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Indian hockey needs foreign coaches: Zafar

Onkar Singh in New Delhi | August 27, 2004 18:03 IST

Former Olympic hockey captain Zafar Iqbal has supported Indian Hockey Federation president Kanwar Pal Singh Gill's contention that there is no escaping the need to hire foreign coaches if the game has to be revived in the country.

Iqbal, who was a member of the last Indian team to win an Olympic gold medal, at Moscow 1980, said today that Indian hockey had reached its nadir and Indian coaches had failed to revive it.

"The time has come," he told, "when Indian hockey should have not only foreign coaches to brush up our hockey-playing techniques, but also a foreign trainer who would keep an eye on the fitness level of the Indian players. If you want to be a power in hockey, then you have got to spend money."

Iqbal, who led the team at the 1984 Los Angeles Games, lambasted the Indian hockey players in Athens for kicking up controversies after playing bad hockey and accusing the team's German coach Gerhard Rach of following wrong strategies.

"How can a coach give wrong instructions?" Iqbal said. "He would always want his team to win."

He said it was wrong of forwards Prabjot Singh and Dhanraj Pillay to blame the German coach. "We have seen all the games and we know what level of hockey our players played during the tournament," he said. "Gagan Ajit Singh could not connect the ball properly, Prabjot was off-colour, and so was Deepak Thakur. Dilip Tirkey and a half-fit Dhanraj played better than the others, and so did goalkeeper Adrian D'Souza. We saw eleven players playing the game more as individuals than as a team."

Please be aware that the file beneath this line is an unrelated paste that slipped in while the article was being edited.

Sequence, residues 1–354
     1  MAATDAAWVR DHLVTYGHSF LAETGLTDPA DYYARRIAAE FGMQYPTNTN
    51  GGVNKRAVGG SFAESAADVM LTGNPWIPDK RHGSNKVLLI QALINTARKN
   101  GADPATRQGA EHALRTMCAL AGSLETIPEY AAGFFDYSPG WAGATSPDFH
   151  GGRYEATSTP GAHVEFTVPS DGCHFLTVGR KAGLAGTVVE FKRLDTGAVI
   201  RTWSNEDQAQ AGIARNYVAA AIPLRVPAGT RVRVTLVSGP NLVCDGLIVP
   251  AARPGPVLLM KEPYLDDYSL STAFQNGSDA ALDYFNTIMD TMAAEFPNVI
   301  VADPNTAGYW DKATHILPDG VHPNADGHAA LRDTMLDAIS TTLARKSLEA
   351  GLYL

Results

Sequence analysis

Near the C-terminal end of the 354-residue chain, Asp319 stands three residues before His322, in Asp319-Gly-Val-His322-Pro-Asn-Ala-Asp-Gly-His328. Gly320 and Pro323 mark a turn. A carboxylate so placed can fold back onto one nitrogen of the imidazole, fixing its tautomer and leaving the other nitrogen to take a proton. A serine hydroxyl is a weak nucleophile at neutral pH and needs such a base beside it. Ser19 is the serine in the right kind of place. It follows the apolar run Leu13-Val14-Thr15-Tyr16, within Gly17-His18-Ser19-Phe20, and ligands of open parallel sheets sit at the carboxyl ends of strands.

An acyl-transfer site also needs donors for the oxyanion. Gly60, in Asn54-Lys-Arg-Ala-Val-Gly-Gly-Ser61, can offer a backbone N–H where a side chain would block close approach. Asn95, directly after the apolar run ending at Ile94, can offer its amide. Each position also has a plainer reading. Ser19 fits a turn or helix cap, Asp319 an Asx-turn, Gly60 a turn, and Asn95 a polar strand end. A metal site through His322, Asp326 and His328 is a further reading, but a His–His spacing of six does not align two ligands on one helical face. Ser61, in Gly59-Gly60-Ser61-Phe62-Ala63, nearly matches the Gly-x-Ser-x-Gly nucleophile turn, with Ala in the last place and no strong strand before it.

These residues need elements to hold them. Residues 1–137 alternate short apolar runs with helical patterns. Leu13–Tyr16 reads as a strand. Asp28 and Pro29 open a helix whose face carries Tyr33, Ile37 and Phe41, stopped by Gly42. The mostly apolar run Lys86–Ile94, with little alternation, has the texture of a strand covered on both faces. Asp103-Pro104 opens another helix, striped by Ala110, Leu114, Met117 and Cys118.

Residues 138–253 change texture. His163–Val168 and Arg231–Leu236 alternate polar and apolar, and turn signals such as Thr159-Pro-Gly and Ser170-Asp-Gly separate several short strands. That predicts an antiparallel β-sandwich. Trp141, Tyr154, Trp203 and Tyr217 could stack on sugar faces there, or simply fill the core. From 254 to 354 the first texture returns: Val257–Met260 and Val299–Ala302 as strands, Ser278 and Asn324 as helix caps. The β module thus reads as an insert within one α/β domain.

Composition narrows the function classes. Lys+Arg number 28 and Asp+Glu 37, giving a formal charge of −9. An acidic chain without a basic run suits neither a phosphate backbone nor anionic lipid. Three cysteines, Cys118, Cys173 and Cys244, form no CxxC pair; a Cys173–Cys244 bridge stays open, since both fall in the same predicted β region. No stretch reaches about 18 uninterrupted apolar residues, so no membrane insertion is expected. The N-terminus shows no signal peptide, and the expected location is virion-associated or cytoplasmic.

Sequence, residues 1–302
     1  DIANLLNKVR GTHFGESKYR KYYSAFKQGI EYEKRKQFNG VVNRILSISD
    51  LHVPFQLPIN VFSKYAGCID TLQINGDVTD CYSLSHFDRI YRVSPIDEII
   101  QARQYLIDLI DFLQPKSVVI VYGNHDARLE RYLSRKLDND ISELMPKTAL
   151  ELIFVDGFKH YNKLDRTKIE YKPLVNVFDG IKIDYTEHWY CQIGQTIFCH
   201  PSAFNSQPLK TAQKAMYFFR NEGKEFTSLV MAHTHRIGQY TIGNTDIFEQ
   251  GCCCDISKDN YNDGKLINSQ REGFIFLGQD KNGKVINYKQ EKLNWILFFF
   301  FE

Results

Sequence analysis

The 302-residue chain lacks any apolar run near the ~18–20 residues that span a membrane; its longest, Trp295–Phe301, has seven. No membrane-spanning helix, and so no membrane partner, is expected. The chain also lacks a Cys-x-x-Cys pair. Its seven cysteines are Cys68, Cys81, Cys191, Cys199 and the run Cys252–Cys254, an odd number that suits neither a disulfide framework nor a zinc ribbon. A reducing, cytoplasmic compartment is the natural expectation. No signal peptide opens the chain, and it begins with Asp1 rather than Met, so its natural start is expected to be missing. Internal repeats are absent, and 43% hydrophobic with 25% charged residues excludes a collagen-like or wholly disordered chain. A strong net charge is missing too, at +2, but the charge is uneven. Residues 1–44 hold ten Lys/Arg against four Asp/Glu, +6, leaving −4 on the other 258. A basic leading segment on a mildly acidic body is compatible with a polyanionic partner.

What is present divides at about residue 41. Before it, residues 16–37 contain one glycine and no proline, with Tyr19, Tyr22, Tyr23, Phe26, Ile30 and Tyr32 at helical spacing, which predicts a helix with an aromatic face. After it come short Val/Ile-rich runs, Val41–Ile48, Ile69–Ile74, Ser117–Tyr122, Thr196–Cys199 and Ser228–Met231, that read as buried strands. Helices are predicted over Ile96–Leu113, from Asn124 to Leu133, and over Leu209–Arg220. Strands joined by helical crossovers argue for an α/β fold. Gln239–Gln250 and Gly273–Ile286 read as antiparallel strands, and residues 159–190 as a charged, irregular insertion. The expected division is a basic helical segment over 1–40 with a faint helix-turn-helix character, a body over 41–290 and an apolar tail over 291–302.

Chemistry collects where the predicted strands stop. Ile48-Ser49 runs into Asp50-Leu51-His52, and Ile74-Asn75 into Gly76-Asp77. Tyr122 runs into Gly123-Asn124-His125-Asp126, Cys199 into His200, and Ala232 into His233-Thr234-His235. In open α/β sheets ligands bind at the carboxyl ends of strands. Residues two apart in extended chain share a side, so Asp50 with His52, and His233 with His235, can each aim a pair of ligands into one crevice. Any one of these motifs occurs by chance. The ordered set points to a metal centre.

He did not agree with the suggestion that the last-minute change of the team's coach led to the disaster. "The coach can only give you a strategy, but it is the players who have to put that into action," he said.

He questioned the fitness of some of the players in the team and said half-fit players should not be included even on the bench. "We have even failed to qualify for the Champions Trophy," he pointed out.

As for those who had expected India to win a gold medal, Iqbal simply said they were not in touch with reality.

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